By Kathryn Maureen Ryan Impunity Watch, Managing Editor
CAIRO, Egypt – Monday marks the one year anniversary of the arrest of Baher Mohamed, Mohamed Fahmy and Peter Greste who were jailed in Cairo on December 29, 2013 on charges of aiding the Muslim Brotherhood and spreading “false news.” In June, Greste, an Australian, and Fahmy, an Egyptian-Canadian, received a seven-year sentence, while Mohamed, an Egyptian, was sentenced to 10 years. The arrests and charges sparked international condemnation from world leaders and journalism and speech advocates around the globe. Al Jazeera has denied all charges against its staff and has called on the immediate release of the journalists. Journalists and activists around the world have posted photos of themselves holding up banners bearing the Twitter hashtags “#FreeAJStaff” and “#JournalismIsNotACrime.”
Baher Mohamed’s wife, Jehan Rashed, told Al Jazeera that the day her husband was arrested had been the worst of her life. “The sentiment of injustice is overwhelming,” she said. “Baher was arrested on this day a year ago. It was the worst day Baher, our children and I have ever lived.” She continued “It was a dark day. I wonder if the [Egyptian] Army and Police are protecting the people. They came to arrest a journalist, while realizing deep within he is a respectable professional, but they acted as if he was a felon.” Colleagues and friends of the jailed journalists marked the anniversary of their arrest at newsrooms across the world on Monday.
Later this week an Egyptian court will decide whether the journalists have grounds for an appeal of their convictions. The court will start to look at the case on Thursday and will examine the process behind the original trial, a process that Al Jazeera has maintains was flawed. The journalists deny collaborating with the banned Muslim Brotherhood after the overthrow of democratically elected President Mohammed Morsi in a military coup last year. They say they were jailed simply for reporting the news.
The court can either dismiss the entire case, uphold the verdict and the original sentences, or order a new trial. The Egyptian government has defended the jailing of the journalists, arguing that it was not a political decision. While President Abdel Fattah el-Sisi is able to issue a presidential pardon he maintains that he will not interfere in the judicial process.
World leaders have called for the release of the three journalism, viewing their arrest and convictions as an affront to free speech in the new Egypt, which the government maintains is a democratic state. United States President Barack Obama called for the release of the journalists earlier this year, urging the newly elected Egyptian president to free the jailed Al Jazeera journalists.
Peter Greste penned a letter just before Christmas from his cell in Cairo. The letter was first published in The Sydney Morning Herald. The Letter reads:
I write to all our friends and supporters from my jail cell in Mazraa Prison, Cairo.
As we approach Christmas and the rather inauspicious anniversary of our arrest on December 29, there is a temptation to become morose over our continued detention. After all, on paper we don’t seem to have made much progress.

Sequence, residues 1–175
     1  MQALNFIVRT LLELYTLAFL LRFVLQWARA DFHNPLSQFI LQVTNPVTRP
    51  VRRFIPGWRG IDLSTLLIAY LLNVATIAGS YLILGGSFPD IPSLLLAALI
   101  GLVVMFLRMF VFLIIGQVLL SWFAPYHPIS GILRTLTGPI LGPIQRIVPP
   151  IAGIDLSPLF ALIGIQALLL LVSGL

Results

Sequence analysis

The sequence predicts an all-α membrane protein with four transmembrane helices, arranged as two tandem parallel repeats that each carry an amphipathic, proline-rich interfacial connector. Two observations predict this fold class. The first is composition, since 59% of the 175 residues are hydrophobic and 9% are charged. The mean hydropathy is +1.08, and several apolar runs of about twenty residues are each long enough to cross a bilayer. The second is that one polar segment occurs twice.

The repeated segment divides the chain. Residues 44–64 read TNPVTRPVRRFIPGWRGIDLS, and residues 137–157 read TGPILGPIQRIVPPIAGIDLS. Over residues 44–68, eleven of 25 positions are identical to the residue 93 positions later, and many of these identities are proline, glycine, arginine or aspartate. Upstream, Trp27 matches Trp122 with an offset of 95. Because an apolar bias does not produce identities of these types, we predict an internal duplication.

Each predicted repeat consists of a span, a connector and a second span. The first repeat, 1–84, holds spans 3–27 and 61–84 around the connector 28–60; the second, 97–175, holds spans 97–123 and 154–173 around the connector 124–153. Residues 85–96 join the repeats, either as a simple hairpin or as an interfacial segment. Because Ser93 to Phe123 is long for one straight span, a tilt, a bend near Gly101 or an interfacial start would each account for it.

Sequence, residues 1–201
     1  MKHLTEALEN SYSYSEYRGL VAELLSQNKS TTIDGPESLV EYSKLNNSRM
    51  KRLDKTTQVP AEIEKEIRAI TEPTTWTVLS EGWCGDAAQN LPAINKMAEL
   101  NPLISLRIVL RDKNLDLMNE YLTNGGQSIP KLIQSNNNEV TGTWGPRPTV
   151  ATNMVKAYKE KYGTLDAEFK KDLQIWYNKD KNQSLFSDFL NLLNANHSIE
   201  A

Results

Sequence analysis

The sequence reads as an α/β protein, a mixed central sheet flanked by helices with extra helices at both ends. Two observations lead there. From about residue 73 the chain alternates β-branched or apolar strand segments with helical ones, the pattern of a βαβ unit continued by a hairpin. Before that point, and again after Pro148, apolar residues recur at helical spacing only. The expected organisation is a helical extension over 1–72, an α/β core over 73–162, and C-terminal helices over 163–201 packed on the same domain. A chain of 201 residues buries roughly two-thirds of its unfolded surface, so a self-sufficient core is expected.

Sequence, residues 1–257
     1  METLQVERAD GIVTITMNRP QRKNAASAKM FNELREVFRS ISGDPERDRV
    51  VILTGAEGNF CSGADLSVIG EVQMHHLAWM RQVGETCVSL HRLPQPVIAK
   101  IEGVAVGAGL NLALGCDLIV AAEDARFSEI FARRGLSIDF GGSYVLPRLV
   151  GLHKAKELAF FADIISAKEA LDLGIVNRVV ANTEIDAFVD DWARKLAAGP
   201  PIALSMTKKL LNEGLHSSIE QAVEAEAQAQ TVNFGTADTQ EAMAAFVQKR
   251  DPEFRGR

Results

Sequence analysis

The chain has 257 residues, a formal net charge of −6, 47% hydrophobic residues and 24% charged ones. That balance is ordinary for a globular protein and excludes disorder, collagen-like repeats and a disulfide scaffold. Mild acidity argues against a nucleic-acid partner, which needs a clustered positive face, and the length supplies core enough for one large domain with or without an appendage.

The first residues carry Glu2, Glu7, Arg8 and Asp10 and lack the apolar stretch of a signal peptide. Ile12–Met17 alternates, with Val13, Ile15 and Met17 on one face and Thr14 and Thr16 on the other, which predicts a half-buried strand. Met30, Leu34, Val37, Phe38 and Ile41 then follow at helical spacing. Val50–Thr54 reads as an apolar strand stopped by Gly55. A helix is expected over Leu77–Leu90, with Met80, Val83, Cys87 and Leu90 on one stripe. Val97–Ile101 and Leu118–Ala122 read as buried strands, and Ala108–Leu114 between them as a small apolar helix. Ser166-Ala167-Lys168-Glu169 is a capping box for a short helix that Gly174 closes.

The three of us – myself and my colleagues Mohamed Fahmy and Baher Mohamed – are still in prison, still convicted of broadcasting false news and aiding a “terrorist organization,” and still just one year into prison sentences of seven years for myself and Fahmy, and 10 years for Baher.
But, at the same time, we have changed something fundamental. We – and by that I mean all involved in this fight for justice, including us three, our families, and you, our supporters – have created a huge global awareness of not just our cause, but the far wider and more vital issues of press freedom, the persecution of journalists, and of justice in Egypt.
We have galvanized an incredible coalition of political, diplomatic and media figures, as well as a vast army of social media supporters to fight for that most basic of rights: the right to know. Everyone, from US President Barack Obama to the United Nations Secretary-General Ban Ki-moon to Prime Minister Tony Abbott, has been speaking out both publicly and in private to demand our release and call for a free press in Egypt.
But, even more than that, we have reignited public discussion and awareness of the vital role that unfettered journalism plays in any healthy, functioning democracy.
Sometimes it is easy to forget why we need it at all. Journalism can, at times, look pretty sordid, and few of us who work in it can claim to have never succumbed to the more base instincts of our trade. And in the wired world of the internet, with its citizen reporters and millions of sources, it is tempting to wonder why we need professional journalists at all.
But that noise is the reason itself. Never has cleared-eyed, critical, skeptical journalism been more necessary to help make sense of a world overloaded with information.
We should never forget that journalism is not a science. It is a human craft as vulnerable to biases and inaccuracies and flaws as any other. And, at its worst, it can be quite destructive. But the reason we still buy newspapers, listen to the radio or switch on the evenings TV news bulletin is to find context and understanding; a sense of perspective.
The best journalism puts a frame around an issue. It helps define it, clarifies it, and makes sense of it. And, above all, it challenges authority.
In a functioning democracy, political legitimacy comes from the voters. We, the people, hire politicians. As with any responsible business, it is incumbent on employers to keep an eye on their employees and, as we all know, we tend to work better, more efficiently and more honestly when we know we are being monitored.
I am not talking of a big brother society here. Just good, old-fashioned accountability.
The philosopher and writer Albert Camus was absolutely right when he said the press can, of course, be both good and bad, but without freedom it can never be anything but bad.
That is why our cause, as opposed to simply our case, is so important, and not just for Egypt. The noise you all have been making sends a clear and unequivocal message to politicians around the world: a free press is an indivisible part of a free society.
As we approach the end of our first year in prison, I cannot help but feel proud and strengthened by all that has been achieved so far. We haven’t won this fight yet – we are still behind bars after all – but we have made our cause abundantly and unequivocally clear.
And for that reason, it really is a very good Christmas.
So, from our cell in Cairo, all the very best in season’s greetings.